The Planning and Zoning Commission Monday night approved the application to install a mighty electronic billboard on top of the Webster Bank Arena opposed by Lamar, the national outdoor advertising company that wants the billboard limited solely to promoting arena events. Billboard supporters say the billboard serves as both a revenue generator and city image booster. Zoners also rejected the initial application of a Fairfield man who proposed a warehouse farm in response to the state’s new law allowing distribution of marijuana for medical purposes. The medical industry is sorting out process and compliance in the law’s infancy.
Brian Lockhart of CT Post reports:
By this time next year, an East Side warehouse could be at the forefront of Connecticut’s new medical marijuana frontier.
And it’s not that far out–or far away.
In fact, it would be at 50 Hastings St., where Rob Schulter, a self-described Fairfield entrepreneur, has plans to grow and sell weed wholesale out of a renovated building to treat symptoms of cancer, AIDS and other debilitating diseases.
“Everyone has been touched by someone who has had a need,” Schulter said, citing his mother’s recent death from cancer and a cousin’s battle with the disease.
Schulter has the support of Mayor Bill Finch’s administration, but his initial application was shot down Monday by the Planning and Zoning Commission.
Members said Connecticut’s medical marijuana law is still too new and they need more information about regulation and oversight.
“We are still hopeful that we can get the approvals necessary to be able to operate in Bridgeport,” Frederic Ury, Schulter’s attorney, said afterward.
But despite the serious intent of Ury’s proposal, zoning commission Chairman Mel Reilly couldn’t help but joke that if the place ever caught fire, crowds would be “gathering around and inhaling.”
Gov. Dannel P. Malloy in June signed a bill making Connecticut the 17th state to legalize medical marijuana. On Oct. 1, the Department of Consumer Protection began accepting applications from residents for temporary permits.
The regulations governing the growing and distribution system will not be ready until July.
The law limits the number of growers to a minimum of three and a maximum of 10. Schulter wants his local zoning permits in place so when those strict rules are finalized, he can be among the first in line.
“We’re really trying to be proactive and as far ahead as we possibly can,” Ury told zoning commissioners.
Schulter would lease space at 50 Hastings St., growing an estimated 100 pounds of marijuana annually to licensed distributors and employing a staff of around five. Under state law, he would pay a $25,000 licensing fee and a $2 million performance bond.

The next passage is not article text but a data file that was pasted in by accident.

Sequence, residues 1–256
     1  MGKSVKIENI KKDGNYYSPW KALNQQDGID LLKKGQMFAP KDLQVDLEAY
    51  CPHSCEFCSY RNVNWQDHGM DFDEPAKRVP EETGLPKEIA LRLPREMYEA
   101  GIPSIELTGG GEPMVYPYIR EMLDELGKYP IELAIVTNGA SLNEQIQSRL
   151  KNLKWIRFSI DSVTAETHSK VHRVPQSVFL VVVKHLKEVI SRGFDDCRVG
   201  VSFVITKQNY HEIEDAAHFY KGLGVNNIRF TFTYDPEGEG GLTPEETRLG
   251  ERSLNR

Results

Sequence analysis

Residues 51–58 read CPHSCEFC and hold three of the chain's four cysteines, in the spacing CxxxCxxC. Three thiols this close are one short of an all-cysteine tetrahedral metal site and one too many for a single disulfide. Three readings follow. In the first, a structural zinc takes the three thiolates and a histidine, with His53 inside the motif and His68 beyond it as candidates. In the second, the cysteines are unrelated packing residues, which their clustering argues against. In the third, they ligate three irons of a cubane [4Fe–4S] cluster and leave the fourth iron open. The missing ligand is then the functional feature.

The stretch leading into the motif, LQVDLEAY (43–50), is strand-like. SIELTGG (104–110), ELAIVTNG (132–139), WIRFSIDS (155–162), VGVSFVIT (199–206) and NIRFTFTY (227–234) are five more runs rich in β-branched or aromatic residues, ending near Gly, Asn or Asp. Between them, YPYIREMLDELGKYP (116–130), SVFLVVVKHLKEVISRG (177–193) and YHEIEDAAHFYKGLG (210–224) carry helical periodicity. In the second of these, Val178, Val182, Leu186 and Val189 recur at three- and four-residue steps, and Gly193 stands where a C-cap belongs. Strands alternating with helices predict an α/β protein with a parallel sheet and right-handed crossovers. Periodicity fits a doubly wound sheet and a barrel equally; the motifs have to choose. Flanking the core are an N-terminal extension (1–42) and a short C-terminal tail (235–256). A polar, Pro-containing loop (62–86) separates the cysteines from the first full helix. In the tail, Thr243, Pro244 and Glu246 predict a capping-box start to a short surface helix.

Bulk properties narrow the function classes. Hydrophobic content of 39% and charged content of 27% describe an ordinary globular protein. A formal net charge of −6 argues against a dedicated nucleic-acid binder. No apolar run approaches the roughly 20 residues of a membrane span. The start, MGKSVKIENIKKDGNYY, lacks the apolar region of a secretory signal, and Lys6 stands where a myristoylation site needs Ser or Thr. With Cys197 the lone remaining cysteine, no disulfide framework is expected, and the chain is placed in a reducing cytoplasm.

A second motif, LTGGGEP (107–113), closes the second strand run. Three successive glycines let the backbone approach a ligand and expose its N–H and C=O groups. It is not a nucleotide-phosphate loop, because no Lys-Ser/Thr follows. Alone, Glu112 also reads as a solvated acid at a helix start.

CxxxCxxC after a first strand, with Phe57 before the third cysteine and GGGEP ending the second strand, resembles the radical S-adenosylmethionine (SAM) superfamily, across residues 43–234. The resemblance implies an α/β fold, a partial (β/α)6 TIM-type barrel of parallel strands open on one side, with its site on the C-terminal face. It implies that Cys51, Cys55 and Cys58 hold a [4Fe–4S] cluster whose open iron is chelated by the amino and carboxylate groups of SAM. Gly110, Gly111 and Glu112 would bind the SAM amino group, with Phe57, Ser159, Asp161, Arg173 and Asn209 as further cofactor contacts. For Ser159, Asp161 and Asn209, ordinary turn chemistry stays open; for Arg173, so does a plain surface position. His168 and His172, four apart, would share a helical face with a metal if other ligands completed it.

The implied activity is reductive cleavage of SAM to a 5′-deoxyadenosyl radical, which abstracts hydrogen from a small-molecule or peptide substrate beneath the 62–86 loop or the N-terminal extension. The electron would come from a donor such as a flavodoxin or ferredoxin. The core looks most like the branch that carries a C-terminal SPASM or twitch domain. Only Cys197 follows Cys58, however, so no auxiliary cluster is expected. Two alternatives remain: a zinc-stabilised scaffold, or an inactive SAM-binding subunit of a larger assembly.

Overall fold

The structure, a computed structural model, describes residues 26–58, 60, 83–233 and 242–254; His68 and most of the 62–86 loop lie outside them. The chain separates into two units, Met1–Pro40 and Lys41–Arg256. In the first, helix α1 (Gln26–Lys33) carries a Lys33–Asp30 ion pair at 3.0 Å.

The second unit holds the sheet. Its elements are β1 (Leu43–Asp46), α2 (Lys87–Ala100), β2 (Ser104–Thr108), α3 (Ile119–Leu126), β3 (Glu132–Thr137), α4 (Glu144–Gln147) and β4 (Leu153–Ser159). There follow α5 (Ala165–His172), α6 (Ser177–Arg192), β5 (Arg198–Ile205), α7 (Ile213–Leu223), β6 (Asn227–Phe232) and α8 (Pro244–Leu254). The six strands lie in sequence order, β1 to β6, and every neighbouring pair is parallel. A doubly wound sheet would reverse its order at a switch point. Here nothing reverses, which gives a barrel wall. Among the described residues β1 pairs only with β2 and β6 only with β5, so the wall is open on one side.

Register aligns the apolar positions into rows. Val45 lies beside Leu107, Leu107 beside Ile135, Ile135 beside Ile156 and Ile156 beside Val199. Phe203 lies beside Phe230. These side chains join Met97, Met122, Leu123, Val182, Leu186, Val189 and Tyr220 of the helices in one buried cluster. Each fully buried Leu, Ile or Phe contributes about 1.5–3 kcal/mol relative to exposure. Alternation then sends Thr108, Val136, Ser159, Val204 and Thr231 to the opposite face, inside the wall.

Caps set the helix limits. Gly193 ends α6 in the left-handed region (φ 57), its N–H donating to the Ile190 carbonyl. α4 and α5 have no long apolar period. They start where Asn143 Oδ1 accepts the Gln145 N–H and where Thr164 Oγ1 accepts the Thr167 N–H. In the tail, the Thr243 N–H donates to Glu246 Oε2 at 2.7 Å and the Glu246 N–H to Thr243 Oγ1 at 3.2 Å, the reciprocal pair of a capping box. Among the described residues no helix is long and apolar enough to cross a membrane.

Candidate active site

David Kooris, head of Bridgeport’s economic development office who attended Monday’s meeting, said the city had been in discussions with Schulter for about six months.
Kooris said he is indifferent to what Schulter wants to cultivate.
“The fact is, this is a viable, private sector business at one of our vacant industrial buildings we’re having a challenging time filling,” Kooris said.
Because of pot’s reputation, Schulter in an interview acknowledged he was not going out of his way to draw attention to his plan. The zoning commission agenda, for example, said his application was for a “year round hydroponic plant cultivation business.”
And it was a couple of minutes into Monday’s presentation before marijuana was mentioned.
Commissioners are concerned about having adequate security and ensuring Schulter employees would not steal his crops. Schulter and Ury said surveillance cameras will be installed, there will be daily inventory, and the state will likely impose a variety of other stringent requirements.
“It’s the old `chicken and egg’ problem,” Edmund Schmidt, the commission’s attorney, advised members when they were deliberating Schulter’s application. “There’s really no road map on how to do it yet.”
In other business, zoning commissioners approved an application to install a giant electronic V-shaped billboard on Webster Bank Arena at Harbor Yard.
The proposal was challenged by city-based Lamar Outdoor Advertising and community activist Carmen Lopez.
Charlie Dowd, senior vice president of arena operations, said the sign, visible from Interstate 95, will increase audiences.
“This is not the time to stymie progress,” Dowd told the commission. “We’re making huge, dramatic leaps in the entertainment we bring in and would like to tell people about it.”